Assemblymember William Colton (D-Gravesend-Bensonhurst-Bath Beach) recently said that under Mayor Bill de Blasio’s administration, New York has become a “lost city.” “My office received a complaint that Seth Low Park in Brooklyn is in horrible condition. The playground is filthy, and an enormous amount of garbage is all over the park. I was also told that the park is infested with vermin, and that is a health hazard for everyone, especially children,” he said. Colton also attacked the mayor for defunding the NYPD, cutting back the litter-box removal schedule, and threatening to lay off 22,000 city workers.
Rose helps to pass anti-bullying legislation
U.S. Rep. Max Rose (D-Southern Brooklyn-Staten Island) recently helped to pass the bipartisan Danny’s Law to address bullying in schools. The legislation is named in honor of Daniel Fitzpatrick, a 13-year-old boy from Staten Island who took his own life after being bullied at school in 2016. “In times like this, when our country is growing ever more divided, we need to be teaching our children not the art of division, but how to one another, respect each other, work with each other,” Rose said in a speech on the House floor prior to passage.
DUMBO Drop combines virtual, real-life events
The DUMBO Business Improvement District’s annual fundraising spectacle, the DUMBO Drop, which supports the neighborhood’s Title 1 schools, will be a three-day-long celebration this year, kicking off with a virtual event, “DUMBO Drop 2020, the Great Pivot,” on Friday, Oct. 16. This year’s DUMBO Drop event will feature a contest with a grand prize of a $2,000 neighborhood shopping spree. Individuals can enter the DUMBO Drop contest online by visiting https://dumbo.is/dropping-elephants. Funds raised will benefit P.S. 307 and the Dock Street Middle School.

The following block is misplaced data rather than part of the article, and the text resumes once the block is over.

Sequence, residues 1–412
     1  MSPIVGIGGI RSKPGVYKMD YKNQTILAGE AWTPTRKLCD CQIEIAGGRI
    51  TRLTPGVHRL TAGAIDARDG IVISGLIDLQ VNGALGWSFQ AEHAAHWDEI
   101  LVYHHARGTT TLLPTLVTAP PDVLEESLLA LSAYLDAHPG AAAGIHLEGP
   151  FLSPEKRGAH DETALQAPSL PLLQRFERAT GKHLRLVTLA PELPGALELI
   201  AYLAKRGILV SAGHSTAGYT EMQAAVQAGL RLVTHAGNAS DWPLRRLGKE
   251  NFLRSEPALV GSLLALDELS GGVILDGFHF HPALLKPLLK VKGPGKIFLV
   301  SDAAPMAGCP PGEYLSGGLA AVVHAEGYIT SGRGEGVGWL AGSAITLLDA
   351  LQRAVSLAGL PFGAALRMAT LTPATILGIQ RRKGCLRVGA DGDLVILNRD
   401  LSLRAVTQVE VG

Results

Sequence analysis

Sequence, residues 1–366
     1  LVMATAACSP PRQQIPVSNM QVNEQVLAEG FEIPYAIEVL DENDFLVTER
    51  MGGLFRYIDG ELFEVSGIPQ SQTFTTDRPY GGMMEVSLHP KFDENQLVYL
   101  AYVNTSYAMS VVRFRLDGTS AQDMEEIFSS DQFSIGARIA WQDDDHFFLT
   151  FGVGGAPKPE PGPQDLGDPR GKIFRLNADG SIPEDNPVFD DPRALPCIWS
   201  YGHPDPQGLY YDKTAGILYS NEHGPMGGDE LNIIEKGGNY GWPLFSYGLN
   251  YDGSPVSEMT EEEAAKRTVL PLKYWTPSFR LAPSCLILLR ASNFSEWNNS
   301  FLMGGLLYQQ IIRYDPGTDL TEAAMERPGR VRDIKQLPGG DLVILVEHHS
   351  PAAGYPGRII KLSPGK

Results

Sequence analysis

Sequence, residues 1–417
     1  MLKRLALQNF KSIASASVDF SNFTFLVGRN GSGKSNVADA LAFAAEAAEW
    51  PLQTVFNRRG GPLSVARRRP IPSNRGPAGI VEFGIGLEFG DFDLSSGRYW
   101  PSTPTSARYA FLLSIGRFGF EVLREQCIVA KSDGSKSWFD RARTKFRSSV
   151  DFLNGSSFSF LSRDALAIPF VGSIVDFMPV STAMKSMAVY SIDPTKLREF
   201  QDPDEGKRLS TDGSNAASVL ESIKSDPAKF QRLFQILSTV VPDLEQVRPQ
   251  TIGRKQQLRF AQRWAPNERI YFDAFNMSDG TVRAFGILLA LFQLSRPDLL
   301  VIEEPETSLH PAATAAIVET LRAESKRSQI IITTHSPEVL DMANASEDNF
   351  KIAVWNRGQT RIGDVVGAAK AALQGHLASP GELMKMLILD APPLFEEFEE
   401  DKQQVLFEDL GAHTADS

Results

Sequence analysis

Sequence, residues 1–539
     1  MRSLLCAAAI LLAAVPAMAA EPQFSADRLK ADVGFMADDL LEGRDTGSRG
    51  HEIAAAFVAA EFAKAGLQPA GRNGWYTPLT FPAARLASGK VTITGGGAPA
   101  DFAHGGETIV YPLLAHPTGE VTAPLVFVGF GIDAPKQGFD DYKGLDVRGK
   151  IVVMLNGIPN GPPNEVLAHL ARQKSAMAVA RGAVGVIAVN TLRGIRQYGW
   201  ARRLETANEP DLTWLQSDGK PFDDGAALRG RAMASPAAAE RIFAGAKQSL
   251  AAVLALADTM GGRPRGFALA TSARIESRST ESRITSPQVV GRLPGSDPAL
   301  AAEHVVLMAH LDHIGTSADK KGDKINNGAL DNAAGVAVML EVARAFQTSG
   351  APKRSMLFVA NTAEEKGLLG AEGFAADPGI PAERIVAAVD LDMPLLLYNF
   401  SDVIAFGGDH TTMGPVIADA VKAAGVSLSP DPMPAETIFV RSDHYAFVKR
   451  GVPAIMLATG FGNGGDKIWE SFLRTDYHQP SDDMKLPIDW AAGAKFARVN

Family of slain trans woman demands answers
A transgender woman from Chicago was found dead in Brooklyn on the morning of Sept. 7, but the circumstances surrounding her death remain in question, and the victim’s sister suspects she may have been killed. Police responded to a call at 8:30 that morning regarding an unconscious individual at 9720 Kings Highway in Brownsville, and when they arrived they found her unconscious and unresponsive. EMS workers pronounced her dead at the scene. Police later identified her as Gianna Lofton of Chicago, 21, but her sister, Stantasia Jones, said her sibling was known as Isabella Mia Lofton. Although detectives told her that the results of an autopsy said she had been intoxicated and using drugs, Jones isn’t convinced that her sister’s death was accidental, according to amNewYork.
Couple assaults man who asked them to wear mask